have taken more than a few seconds, but while we watched it seemed
dramatized in slow motion!
boat was caught in the same set of rapids, reversals, and the current
of the icy water and it took him 15 minutes to extricate himself.
The river now with terrific force picked up Kens oars and broke
them on the rocks like matchsticks. Six of the oars were lost. This
rapid was named the masala grinder. This was aptly named
because not only were the rapids at this point 30 feet high, the
reversals were about 14/15 feet from the trough or hole. This
section of the river was also partially blocked by a huge log,
sticking out of the water. The three rafts and the two kayaks now
regrouped themselves and a certain kind of doubt set in, perhaps the
river was too dangerous and the expedition should be abandoned?
Anyhow we decided
to carry on and encountered four to five rapids until we came
to another rapid, which we subsequently named Steves
Plunge, this was a grade 6 rapid. Again the rafts had to be
lined to encounter the lower half of the rapid. It took us an hour
to get the raft into position. Andreas and I successfully negotiated
the rapid but Steve and Shaukats raft flipped over and they
floated for about a hundred meters till they were picked up by the
kayakers. Fortunately, this was the placid section and the raft
could soon be righted. After encountering some more rapids of grades
4/5/6 for over 10 kilometres we decided to break for the day.
We started early as we wanted to arrive at Thatri by lunch.
On the way we encountered grade 4 and 5 rapids. At Thatri we found a
warm welcome awaiting us, given by the citizens of Thatri. Ours was
the first expedition that had successfully, negotiated the gorge
After this the expedition
continued for another 10 kilometres and it was a very placid section,
almost an anticlimax after the events of the previous day. The
rapids, were now in the category of grades 1 and 2. But now another
problem presented itself. Most of the oars were swept away or
broken. We sent an urgent message to Delhi to send spare oars on the
first available flight or by road or rail.
Another bright and clear day dawned. It was a day to enjoy the
river and relax. In a rapid just before Prem Nagar, Steves
boat got caught in a reversal for about 30 seconds. Thanks to the
presence of mind of his crew, who scrambled on the high side of the
raft, the raft did no flip. At this point Steve lost both his oars,
as the current snatched them out of his hands, and this raft had to
be taken out of the water. Half an hour later Andreas lost his oars
on the rapid, the Rock Garden. This rapid was also aptly named
because of the closed ring of rocks which circled it. We were
now left with only three serviceable oars. I decided to leave the
other rafts, until the spare oars came and take one raft, and one
kayak and come back later for the other rafts and kayak. It was the
proverbial story of the tiger, the patch of grass and the goat! We
did this and we were in Doda by at 5.15 p.m.
This was a day of relaxation in Doda, the District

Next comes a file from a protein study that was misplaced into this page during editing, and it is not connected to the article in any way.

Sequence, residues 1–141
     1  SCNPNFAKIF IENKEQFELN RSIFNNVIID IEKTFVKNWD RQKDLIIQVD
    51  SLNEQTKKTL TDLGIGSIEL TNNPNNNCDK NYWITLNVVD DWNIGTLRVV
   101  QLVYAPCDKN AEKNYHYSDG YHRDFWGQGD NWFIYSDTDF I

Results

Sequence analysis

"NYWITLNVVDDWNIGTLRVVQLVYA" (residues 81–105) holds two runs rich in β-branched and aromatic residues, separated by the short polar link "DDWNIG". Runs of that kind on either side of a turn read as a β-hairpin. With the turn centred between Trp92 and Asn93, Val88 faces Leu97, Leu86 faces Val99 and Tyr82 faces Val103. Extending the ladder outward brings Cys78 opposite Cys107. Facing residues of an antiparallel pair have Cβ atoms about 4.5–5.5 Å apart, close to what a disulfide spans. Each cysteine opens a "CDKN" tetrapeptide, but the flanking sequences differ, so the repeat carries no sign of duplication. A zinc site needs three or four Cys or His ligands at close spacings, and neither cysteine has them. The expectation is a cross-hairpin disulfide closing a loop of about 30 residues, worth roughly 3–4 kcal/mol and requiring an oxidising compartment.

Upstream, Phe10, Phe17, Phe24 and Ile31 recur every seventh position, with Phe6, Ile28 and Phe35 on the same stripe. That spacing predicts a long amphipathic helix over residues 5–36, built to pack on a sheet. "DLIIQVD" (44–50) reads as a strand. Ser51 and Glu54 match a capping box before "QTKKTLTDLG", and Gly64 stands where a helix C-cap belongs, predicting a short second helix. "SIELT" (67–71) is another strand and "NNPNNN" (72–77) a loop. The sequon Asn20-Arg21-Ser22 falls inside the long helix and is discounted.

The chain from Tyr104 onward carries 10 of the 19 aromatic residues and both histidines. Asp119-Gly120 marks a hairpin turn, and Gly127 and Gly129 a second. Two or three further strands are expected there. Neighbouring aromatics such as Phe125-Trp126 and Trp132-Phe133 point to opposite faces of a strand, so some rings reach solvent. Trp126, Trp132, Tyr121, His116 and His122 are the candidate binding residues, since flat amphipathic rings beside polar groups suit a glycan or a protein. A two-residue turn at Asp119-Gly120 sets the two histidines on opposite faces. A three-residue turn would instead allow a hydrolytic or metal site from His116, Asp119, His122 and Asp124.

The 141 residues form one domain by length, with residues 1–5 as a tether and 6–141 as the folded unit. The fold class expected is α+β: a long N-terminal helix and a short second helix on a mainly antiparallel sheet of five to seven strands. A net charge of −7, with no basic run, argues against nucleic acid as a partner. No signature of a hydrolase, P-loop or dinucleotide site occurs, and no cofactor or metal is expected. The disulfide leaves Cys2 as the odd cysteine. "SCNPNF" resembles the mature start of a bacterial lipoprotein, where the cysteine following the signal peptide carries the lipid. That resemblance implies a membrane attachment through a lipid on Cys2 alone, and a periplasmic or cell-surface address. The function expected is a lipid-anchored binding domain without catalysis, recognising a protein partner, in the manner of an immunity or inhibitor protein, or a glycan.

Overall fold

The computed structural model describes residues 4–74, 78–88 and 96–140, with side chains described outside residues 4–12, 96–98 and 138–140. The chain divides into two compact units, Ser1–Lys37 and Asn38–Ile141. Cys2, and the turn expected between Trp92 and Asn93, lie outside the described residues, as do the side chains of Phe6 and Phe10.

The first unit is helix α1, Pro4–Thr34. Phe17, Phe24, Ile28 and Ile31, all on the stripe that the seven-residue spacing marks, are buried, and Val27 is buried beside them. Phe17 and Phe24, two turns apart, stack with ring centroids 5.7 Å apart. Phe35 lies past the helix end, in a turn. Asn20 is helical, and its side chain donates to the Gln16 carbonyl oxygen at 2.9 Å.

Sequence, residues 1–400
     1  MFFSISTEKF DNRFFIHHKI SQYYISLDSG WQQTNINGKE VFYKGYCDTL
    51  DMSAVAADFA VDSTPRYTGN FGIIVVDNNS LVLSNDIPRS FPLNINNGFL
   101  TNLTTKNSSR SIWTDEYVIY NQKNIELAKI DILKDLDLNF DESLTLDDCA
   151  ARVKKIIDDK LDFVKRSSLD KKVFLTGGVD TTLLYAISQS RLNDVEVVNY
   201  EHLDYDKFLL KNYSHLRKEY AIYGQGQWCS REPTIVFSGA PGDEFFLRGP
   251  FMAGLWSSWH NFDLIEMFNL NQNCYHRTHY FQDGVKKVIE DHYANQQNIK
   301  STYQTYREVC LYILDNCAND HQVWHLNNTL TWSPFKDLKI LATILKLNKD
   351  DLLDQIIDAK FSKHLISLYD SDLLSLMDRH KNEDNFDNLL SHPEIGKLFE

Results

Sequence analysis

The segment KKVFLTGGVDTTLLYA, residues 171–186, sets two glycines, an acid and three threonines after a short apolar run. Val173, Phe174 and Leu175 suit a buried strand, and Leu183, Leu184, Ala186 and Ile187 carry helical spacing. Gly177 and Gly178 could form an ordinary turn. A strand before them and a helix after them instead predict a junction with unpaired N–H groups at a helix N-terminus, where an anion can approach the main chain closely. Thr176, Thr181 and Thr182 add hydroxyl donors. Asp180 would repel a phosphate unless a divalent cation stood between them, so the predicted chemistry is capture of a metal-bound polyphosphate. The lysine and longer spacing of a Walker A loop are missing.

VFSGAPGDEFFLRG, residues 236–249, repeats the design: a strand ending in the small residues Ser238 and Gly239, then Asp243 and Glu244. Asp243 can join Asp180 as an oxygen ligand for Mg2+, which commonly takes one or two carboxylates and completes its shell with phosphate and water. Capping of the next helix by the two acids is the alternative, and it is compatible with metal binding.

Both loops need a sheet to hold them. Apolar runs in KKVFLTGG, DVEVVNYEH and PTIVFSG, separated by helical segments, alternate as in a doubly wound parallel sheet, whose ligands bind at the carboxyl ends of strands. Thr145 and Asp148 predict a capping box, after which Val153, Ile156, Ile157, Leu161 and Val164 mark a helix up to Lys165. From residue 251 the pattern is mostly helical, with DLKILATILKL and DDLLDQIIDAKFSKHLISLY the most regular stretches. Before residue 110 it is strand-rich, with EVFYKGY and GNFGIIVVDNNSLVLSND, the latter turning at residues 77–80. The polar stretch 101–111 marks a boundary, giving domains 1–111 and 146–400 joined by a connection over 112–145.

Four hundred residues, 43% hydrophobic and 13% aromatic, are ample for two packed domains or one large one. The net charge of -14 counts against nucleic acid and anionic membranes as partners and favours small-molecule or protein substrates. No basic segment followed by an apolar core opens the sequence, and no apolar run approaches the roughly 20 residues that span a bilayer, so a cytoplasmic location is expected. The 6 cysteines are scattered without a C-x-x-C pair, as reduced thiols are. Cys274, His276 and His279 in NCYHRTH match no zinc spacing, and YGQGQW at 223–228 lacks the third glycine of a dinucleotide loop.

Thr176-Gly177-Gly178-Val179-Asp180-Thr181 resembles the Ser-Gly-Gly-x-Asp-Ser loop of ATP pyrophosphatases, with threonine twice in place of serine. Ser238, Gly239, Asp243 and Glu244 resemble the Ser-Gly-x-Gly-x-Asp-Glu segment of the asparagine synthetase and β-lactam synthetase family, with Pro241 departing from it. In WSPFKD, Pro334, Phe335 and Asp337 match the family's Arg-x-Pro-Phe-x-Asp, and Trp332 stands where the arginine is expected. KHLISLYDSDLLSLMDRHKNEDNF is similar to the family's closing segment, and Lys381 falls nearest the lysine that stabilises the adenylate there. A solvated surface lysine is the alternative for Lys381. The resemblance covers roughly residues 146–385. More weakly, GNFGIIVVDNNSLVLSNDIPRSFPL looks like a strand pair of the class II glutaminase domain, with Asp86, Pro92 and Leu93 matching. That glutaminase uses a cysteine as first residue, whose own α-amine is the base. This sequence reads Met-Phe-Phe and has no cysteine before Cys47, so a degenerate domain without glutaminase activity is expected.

The oars had not arrived and Ken had to make a hard decision.
He decided to continue with one raft and one kayak. Doda to Ramban
is approximately 40 kilometers and there could be no road support.
Hence all the food supplies, camping gear, and personal equipment had
to be carried on the raft. Ken was the oarsman and Ancil,
Andreas, Steve and Shaukat were on his crew. Since Lucas von
Bluecher was ill, Paul Sharpe was to give kayak support. Some of the
biggest and most difficult rapids on this expedition were now
encountered by the members. Back to back rapids, extremely tricky
reversals, deep troughs, all these could have kept a raft forever.
After arriving at Assar,
the members camped on the beach. The radio communication had been
re-established, and we received a message to say that the oars had
arrived at last.
The sky was overcast. The weather was obviously turning bleak.
The villagers came to welcome the members of the expedition. They
seemed to be so overawed by our feat of daring that we also felt like
heroes! They brought a fowl for us as a present, in fact the rooster
became our mascot. Wherever we went, it traveled with us, grave with
responsibility for our safety! The oars arrived at last! Air Marshal
Sikand brought them down to us and we continued on our journey along
the river. About eight kilometres from Ramban, my raft joined up
with the other two rafts and the second kayak. The sky was dark with
the promise of rain, and sure enough it began to drizzle. We
arrived at Ramban at 2O clock in the afternoon.
Commissioneer of Doda was there. All the school children were
therewith with banners and flags, the legend of which ran, Welcome
heroes of the Chenab. They had been waiting in the rain, and
we were moved to think our efforts had been appreciated. What seemed
to us a great banquet, was laid out, and we fell to. A holiday was
declared so that everyone could see the rafts and kayaks.
We had managed to run
this turbulent river successfully. The river goddess had answered
our prayers. It was a great and wonderful day for everyone who had
helped to make the expedition a success. Elated, euphoric in our
achievement, we made plans for our next river run. I think
India could one day become the white water rafting capital of the
world said Ken Warren.